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    • Mark says:

      Bob W - when driven grouse shooting is banned there won't be more afforestation unless government policy changes to allow it in the uplands of England. No reason why that should happen. And if we want to kill foxes (the main predators I believe), then we can.

      The densities of Curlew on grouse moors are twice those on non-grouse moors - that's not a huge difference but I agree it is important (and you watch - sometimes exaggerated as 'up to six times' by those in favor of intense grouse shooting). But the Curlew is a good example of a species which benefits from the package of measures associated with driven grouse shooting. It's a pity that not many more do - including people. I can see Curlew being restricted to the outer Isles and Orkney in future - even if it takes a while to get driven grouse shooting banned.

      I'd like to see licensing too - but I think it will fail. But let's see. It wouldn't even be on the table if some hadn't called for a ban - which is still the best option for nature conservation.

      'If licensing could be made to work' - yes, exactly. As a supporter of licensing can you point me towards an account of what licensing would contain so that we can all evaluate it properly? And how do you think it would work? At what cost? There's quite a lot bundled into that little word 'if'.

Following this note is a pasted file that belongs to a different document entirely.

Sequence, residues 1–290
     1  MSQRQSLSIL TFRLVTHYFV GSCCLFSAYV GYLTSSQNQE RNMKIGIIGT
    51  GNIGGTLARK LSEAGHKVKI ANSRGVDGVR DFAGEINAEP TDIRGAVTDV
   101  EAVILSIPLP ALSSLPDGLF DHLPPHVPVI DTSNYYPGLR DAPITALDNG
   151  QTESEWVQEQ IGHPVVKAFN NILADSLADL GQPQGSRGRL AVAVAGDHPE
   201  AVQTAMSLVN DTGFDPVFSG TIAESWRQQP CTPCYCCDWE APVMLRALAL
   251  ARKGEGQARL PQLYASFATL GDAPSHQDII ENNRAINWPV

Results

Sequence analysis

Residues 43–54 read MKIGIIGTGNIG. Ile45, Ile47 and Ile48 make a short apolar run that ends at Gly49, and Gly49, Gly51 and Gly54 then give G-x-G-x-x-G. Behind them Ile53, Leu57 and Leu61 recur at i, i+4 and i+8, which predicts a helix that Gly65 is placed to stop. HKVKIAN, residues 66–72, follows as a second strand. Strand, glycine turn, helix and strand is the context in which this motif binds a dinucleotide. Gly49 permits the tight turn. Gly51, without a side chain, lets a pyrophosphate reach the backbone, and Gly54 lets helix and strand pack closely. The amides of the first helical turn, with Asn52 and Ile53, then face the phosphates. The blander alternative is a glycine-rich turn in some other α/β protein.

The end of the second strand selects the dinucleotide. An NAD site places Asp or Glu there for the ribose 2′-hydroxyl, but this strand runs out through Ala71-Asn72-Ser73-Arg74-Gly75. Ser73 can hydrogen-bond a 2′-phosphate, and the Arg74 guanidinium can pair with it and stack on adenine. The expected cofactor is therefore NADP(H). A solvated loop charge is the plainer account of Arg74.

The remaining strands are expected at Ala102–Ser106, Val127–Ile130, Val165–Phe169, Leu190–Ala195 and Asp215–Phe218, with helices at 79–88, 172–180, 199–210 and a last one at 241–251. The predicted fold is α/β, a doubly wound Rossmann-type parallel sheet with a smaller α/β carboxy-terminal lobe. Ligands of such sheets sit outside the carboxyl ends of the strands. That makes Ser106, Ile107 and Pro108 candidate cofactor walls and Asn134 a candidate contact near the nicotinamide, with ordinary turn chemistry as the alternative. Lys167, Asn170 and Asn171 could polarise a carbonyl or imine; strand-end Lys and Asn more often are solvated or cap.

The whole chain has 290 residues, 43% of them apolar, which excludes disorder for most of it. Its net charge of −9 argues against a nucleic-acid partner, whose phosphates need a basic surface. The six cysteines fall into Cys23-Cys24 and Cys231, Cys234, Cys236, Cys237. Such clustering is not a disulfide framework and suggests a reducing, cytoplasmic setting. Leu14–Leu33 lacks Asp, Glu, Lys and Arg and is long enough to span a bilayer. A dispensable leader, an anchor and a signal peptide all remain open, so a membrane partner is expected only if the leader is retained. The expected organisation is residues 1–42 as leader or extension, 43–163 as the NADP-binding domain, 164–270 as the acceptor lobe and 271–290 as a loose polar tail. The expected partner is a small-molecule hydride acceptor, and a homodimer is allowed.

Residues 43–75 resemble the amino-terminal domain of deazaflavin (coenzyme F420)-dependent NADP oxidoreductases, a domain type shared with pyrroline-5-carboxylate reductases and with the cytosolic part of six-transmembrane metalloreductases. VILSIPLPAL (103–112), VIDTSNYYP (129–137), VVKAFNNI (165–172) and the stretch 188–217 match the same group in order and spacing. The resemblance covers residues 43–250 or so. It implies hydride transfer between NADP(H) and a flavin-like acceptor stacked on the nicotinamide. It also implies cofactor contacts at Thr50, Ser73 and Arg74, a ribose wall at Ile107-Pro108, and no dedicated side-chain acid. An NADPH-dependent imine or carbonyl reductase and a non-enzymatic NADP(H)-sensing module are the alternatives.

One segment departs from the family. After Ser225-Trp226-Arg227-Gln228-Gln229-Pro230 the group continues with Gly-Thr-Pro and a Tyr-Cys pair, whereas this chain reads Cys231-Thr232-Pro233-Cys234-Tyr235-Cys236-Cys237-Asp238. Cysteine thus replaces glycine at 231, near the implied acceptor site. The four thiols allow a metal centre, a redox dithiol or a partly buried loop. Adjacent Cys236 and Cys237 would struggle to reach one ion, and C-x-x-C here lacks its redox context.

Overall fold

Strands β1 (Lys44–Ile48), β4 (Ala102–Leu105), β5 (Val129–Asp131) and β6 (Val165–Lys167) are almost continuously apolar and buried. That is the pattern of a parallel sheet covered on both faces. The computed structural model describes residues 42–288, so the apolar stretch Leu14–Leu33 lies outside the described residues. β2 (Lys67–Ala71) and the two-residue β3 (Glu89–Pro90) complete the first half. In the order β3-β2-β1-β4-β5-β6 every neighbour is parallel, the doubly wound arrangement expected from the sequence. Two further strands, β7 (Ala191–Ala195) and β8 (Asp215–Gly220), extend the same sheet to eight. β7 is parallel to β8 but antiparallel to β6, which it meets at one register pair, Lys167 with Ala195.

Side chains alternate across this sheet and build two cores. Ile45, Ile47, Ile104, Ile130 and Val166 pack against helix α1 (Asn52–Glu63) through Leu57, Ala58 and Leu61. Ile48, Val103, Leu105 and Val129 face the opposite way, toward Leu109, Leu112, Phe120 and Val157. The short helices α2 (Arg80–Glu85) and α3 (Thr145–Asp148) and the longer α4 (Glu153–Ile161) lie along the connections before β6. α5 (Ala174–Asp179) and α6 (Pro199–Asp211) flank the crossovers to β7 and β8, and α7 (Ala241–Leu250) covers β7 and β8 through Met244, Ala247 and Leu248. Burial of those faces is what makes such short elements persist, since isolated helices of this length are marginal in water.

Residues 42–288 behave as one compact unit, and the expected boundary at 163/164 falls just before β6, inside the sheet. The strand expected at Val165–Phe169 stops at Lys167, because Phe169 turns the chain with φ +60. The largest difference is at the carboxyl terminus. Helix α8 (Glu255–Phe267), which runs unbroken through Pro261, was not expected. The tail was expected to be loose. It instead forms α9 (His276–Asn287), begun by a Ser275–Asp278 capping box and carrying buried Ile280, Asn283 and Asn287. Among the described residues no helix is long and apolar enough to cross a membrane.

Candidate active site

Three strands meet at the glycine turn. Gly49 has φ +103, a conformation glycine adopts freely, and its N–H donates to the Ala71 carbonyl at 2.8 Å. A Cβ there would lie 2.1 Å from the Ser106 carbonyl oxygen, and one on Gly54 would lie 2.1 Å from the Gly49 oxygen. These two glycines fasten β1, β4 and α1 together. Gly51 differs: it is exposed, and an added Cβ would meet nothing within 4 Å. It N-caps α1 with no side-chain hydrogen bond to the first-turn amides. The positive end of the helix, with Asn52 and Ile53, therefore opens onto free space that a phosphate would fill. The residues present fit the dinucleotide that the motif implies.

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      • Bob W says:

        Thanks Mark. The short answer to your last paragraph is no but the RSPB and others in Scotland must be working on it. I just hope the Scottish government give it a go, so we can see if it works, and it's not killed by the establishment.

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        • Mark says:

          Bob W - I hope that too. But the RSPB first came up with the idea of licensing in 2014 so I'm surprised we haven't seen a thing. And if the RSPB had got its act together it would have got MPs to press the outline of licensing in the Westminster Hall debate last October but didn't. There's a gaping hole which the RSPB needs to fill.

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  5. John Keith says:

    I agree with your summary, Mark; one topic you didn't cover here is the level of cashing-in that the driven grouse shooters benefit from.
    I have seen a slide showing charges for a days shooting (guaranteed bag of 150 (pairs?)) for one moor in southern Scotland: £25000 per person per day.
    If the shooter fancied B&B thrown in the day cost £30000.
    B&B at £5000 per night? My imagination has headed off to who else is in the bed.
    In support of profiteering like that you are going to be pretty ruthless eh?

    What does your data on the economics of Grouse shooting look like?